Date of Award
The purpose of this project was to produce pigments from natural sources; i.e., flowers, berries, nuts, leaves, fruits and vegetables, and then to use these pigments to paint a series of water colors. My interest in this area came about as the result of the need to paint one evening when I was at home and my paints were at school. Out of desperation, I tried using instant coffee and tea as water colors. The variation in color that could be obtained from just these two products was impressive. They ranged from the lightest beige to a deep rich brown. The results that occurred from utilizing coffee and tea as water colors were pleasing and stimulated my interest in further ex- permintation in this area.
I started in the spring of 1971 to search for information on dye plants, and to begin my collection of raw materials. The main source of information was from publications intended for people who are doing fabric dyeing. Many weavers make their own dyes from natural products and dye their yarn before weaving with it. I could not find much information pertaining to the use of these products in water colors, but the information I did obtain started me out in the right direction and served as a good basis to build on.
I dried, some of the plants I collected in the spring and summer, but the majority of them I prepared with various methods. I soaked some in cold water for 21+ hours then boiled them; some were put in the blender and then boiled; some were boiled and then left to soak overnight and boiled again. Trying all these methods, I discovered that the most satisfactory method was just to cover with a small amount of water and boil slowly for about 10 minutes. This was then strained and bottled.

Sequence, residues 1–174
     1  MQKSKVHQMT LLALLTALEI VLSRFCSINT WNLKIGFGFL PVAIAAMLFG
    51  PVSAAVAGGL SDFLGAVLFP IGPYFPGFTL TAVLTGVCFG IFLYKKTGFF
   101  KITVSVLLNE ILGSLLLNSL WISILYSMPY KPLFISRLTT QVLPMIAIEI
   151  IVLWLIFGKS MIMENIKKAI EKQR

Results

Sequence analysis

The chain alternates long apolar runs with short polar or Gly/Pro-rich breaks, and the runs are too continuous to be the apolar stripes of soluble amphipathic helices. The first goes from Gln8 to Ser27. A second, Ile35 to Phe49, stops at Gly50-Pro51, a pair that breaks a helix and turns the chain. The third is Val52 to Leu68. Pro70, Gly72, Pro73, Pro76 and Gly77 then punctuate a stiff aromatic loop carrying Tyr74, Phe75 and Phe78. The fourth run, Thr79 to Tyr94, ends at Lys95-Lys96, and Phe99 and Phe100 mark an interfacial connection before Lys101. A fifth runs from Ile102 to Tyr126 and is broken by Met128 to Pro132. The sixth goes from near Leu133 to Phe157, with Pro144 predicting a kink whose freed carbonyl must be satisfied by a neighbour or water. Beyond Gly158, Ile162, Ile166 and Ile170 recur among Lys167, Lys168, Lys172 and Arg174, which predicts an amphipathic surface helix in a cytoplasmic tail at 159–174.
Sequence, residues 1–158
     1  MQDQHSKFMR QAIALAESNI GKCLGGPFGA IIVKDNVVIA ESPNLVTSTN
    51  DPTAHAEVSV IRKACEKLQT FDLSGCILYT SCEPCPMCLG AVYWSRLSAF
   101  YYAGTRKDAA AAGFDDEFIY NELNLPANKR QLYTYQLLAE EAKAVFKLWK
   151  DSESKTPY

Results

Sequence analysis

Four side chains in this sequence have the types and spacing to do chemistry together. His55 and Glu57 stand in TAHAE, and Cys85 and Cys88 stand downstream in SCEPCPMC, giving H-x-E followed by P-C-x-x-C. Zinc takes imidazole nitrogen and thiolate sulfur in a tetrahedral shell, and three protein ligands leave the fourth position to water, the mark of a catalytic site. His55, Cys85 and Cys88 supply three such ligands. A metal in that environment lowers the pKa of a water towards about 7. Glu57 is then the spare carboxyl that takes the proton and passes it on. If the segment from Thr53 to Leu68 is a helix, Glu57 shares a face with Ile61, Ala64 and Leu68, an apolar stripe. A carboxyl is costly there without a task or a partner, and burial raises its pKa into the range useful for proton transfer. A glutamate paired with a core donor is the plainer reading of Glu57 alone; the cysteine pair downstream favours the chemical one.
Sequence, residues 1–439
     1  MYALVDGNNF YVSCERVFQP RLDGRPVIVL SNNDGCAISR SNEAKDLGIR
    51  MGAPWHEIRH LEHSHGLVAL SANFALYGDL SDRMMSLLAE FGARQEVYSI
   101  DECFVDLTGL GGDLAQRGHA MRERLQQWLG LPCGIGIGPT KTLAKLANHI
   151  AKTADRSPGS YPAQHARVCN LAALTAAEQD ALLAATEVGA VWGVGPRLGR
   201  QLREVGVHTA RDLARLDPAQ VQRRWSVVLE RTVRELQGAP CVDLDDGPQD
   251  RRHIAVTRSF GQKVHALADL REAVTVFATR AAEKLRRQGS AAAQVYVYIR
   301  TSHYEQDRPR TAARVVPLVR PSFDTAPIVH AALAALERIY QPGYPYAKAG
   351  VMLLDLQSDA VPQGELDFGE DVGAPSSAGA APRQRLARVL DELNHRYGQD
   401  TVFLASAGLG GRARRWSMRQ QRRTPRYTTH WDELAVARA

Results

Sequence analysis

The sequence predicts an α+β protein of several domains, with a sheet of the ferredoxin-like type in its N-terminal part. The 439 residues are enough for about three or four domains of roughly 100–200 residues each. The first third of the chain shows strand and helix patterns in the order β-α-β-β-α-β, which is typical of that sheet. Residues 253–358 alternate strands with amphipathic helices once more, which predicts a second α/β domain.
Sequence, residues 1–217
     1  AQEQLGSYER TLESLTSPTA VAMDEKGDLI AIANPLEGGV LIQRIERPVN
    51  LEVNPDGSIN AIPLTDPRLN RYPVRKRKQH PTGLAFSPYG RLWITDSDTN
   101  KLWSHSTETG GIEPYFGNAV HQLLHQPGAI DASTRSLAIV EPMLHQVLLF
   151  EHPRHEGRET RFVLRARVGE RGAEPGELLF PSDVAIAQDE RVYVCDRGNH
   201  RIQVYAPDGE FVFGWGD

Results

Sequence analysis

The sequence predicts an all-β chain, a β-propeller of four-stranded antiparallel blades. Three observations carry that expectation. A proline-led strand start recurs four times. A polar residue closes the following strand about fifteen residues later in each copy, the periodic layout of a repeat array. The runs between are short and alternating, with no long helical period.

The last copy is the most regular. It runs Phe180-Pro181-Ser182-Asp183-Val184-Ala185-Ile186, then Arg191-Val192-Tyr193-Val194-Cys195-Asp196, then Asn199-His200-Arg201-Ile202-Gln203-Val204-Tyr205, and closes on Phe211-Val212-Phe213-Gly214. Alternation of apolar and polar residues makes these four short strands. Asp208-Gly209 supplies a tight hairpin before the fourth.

At this time I did not make any color samples or do any painting with these pigments. This was a mistake, because by the time I was ready to start painting in the late fall, all of these previously prepared colors had lost their brightness and had become a fairly uniform brown and contained such a variety of molds that I was afraid to even open them up. The secret (that I learned the hard way) to painting with these natural pigments is to use them right away. Some would keep a day or two, but not much longer, as they developed mold and the color deteriorated within a short time. I did freeze some of the colors, and this proved very successful.
Baraby, Peggy, "Research And Work With Natural Pigments In Water Color" (1972). Fine Arts Undergraduate Theses. 9.